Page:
Having the title ‘Inventiologist’ has a habit of getting you into some interesting conversations about how the Inventium crew help make innovation tangible, repeatable and profitable. One of the most common things I hear early on in these conversations is, “oh, so you help companies come up with ideas”. My favourite part of these chats is where I get to tell people about how idea generation is certainly an important part of the innovation process, but a best practice approach also includes a front-end and a back-end.
I’ve given this focus on idea generation phenomenon a name: ‘stuck in the middle’ syndrome (if you’re a music nerd like me, you’re picturing Stealers Wheel circa 1972). If you’re looking to un-stick yourself from the middle of the process, you need to broaden your approach. The front-end of the innovation process is all about uncovering the biggest opportunities for innovation, which come from your customers and align to the broader organisational strategy. The back-end of the innovation process involves leaning into failure early on with your best ideas, to help minimise risk and increase the chances that you will succeed.
There are a few things you can do straight away to start finding customer problems worth solving, and to leanly discover whether your solution is valued by customers (and therefore worthy of further investment):
1. Encourage employees to get out of the building
- Front-end: observe customers (in their natural habitat) and conduct ethnographic research to find common frustrations. You can read more on how to use observation as a discovery skill in Harvard Business Review’s ‘The Innovators DNA’ by Clayton Christensen.
- Back-end: take your concept to customers as early as possible to see how they behave and what they do/don’t value. This could be just be one element of the concept, or one assumption you want to test.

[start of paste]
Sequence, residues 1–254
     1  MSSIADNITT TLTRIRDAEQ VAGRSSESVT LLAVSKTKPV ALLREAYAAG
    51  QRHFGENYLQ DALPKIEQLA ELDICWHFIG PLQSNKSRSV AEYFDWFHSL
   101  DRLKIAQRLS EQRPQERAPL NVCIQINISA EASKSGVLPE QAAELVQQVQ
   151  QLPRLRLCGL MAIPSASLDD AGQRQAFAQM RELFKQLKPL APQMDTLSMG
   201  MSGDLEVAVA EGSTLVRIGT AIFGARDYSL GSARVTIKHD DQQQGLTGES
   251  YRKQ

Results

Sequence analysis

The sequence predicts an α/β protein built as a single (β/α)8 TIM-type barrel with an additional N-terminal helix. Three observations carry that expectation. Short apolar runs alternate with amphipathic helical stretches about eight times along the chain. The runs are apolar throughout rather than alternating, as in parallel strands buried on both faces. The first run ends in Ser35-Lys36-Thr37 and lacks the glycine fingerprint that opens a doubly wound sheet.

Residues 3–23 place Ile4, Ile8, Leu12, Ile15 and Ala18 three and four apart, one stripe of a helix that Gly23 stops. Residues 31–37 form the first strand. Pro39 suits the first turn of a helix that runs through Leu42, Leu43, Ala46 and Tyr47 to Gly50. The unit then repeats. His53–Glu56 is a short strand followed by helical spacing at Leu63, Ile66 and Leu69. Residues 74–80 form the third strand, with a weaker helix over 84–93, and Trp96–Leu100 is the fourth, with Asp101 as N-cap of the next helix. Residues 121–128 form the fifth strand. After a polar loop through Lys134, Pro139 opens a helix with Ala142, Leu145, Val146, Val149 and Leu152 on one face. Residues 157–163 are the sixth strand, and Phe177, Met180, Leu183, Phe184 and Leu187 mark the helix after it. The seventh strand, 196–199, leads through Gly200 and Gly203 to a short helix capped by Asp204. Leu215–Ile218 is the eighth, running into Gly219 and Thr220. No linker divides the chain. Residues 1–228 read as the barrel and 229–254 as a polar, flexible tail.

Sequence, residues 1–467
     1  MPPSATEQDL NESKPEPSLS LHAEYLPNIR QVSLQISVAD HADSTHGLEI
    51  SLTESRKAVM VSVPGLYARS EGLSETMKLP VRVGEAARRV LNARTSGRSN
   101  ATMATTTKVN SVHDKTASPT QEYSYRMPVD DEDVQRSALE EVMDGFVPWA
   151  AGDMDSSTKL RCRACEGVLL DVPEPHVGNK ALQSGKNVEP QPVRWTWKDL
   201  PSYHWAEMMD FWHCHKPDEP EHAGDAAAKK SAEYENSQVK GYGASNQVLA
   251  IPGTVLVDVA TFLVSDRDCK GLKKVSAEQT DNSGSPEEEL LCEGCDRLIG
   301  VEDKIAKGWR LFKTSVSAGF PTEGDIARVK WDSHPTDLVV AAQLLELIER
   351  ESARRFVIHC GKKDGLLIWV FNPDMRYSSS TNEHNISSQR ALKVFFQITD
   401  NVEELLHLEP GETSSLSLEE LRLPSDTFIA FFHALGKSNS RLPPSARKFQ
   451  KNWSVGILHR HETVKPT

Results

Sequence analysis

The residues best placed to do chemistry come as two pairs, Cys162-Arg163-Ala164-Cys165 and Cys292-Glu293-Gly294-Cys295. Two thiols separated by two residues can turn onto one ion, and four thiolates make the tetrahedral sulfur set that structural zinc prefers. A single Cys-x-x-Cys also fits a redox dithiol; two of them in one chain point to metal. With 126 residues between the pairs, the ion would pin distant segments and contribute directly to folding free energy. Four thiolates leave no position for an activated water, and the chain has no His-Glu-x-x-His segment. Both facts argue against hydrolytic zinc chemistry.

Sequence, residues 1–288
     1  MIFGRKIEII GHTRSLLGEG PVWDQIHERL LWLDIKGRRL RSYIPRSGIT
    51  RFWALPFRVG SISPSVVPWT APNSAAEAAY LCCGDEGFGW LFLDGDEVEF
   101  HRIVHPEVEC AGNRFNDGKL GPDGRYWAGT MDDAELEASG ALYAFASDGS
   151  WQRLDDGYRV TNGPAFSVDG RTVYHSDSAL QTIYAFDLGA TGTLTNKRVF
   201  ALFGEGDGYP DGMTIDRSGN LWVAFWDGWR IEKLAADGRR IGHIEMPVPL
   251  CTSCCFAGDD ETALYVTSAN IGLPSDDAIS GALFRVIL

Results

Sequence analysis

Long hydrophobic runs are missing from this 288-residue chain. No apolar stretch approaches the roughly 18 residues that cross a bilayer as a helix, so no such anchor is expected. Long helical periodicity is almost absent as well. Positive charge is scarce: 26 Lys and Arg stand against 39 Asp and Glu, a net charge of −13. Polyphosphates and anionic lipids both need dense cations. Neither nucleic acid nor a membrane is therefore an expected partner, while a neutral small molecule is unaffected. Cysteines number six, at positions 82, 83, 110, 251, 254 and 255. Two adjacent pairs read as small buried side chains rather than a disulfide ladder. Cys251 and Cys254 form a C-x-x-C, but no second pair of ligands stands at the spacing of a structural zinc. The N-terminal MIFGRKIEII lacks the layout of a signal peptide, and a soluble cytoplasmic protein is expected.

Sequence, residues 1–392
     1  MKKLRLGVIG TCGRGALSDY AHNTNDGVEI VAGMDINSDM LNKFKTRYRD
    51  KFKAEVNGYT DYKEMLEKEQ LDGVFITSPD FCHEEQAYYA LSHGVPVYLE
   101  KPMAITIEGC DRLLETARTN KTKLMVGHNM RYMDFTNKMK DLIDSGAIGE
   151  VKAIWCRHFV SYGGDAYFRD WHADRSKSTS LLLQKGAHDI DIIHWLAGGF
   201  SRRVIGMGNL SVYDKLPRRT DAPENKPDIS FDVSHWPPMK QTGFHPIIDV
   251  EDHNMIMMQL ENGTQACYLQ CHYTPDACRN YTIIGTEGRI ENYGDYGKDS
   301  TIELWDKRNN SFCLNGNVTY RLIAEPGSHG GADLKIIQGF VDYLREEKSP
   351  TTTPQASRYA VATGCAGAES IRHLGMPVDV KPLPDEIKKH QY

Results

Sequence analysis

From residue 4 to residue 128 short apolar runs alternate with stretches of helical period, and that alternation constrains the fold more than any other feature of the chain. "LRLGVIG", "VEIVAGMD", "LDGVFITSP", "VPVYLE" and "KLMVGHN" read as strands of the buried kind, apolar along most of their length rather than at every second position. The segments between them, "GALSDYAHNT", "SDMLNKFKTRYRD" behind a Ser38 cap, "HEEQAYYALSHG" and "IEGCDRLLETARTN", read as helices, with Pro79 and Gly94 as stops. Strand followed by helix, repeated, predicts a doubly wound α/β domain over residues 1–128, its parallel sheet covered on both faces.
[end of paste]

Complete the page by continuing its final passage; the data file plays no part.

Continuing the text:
2. Divide and conquer. Different stages of the process require different skill sets. Allocate employee ‘champions’ to the front-end and back-end of the process based on their talent and experience.
- Front-end: people with skills such as being able to gain empathy, a curiosity to explore behind the surface level answer, and who are able to leave their assumptions at the door are all great starters.
- Back-end: project management and agile methodology experience and skills are useful, as well as skills that will help to rapidly develop an MVP (Minimum Viable Product), such as wire framing or landing page design are good to get concepts tested quickly.
3. Innovation is a learned skill. Building talent for innovation by simply asking employees to be more innovative, leaves your success to chance. Instead, start getting out of ‘the middle’ by exposing your employees to the front-end and back-ends of the innovation process too!
If you have any questions on how broaden your organisations innovation efforts, or are looking for a Stealers Wheel karaoke buddy, get in touch. You can find me on email: firstname.lastname@example.org and on Twitter: @fasttrackjudy. For now, have a great week!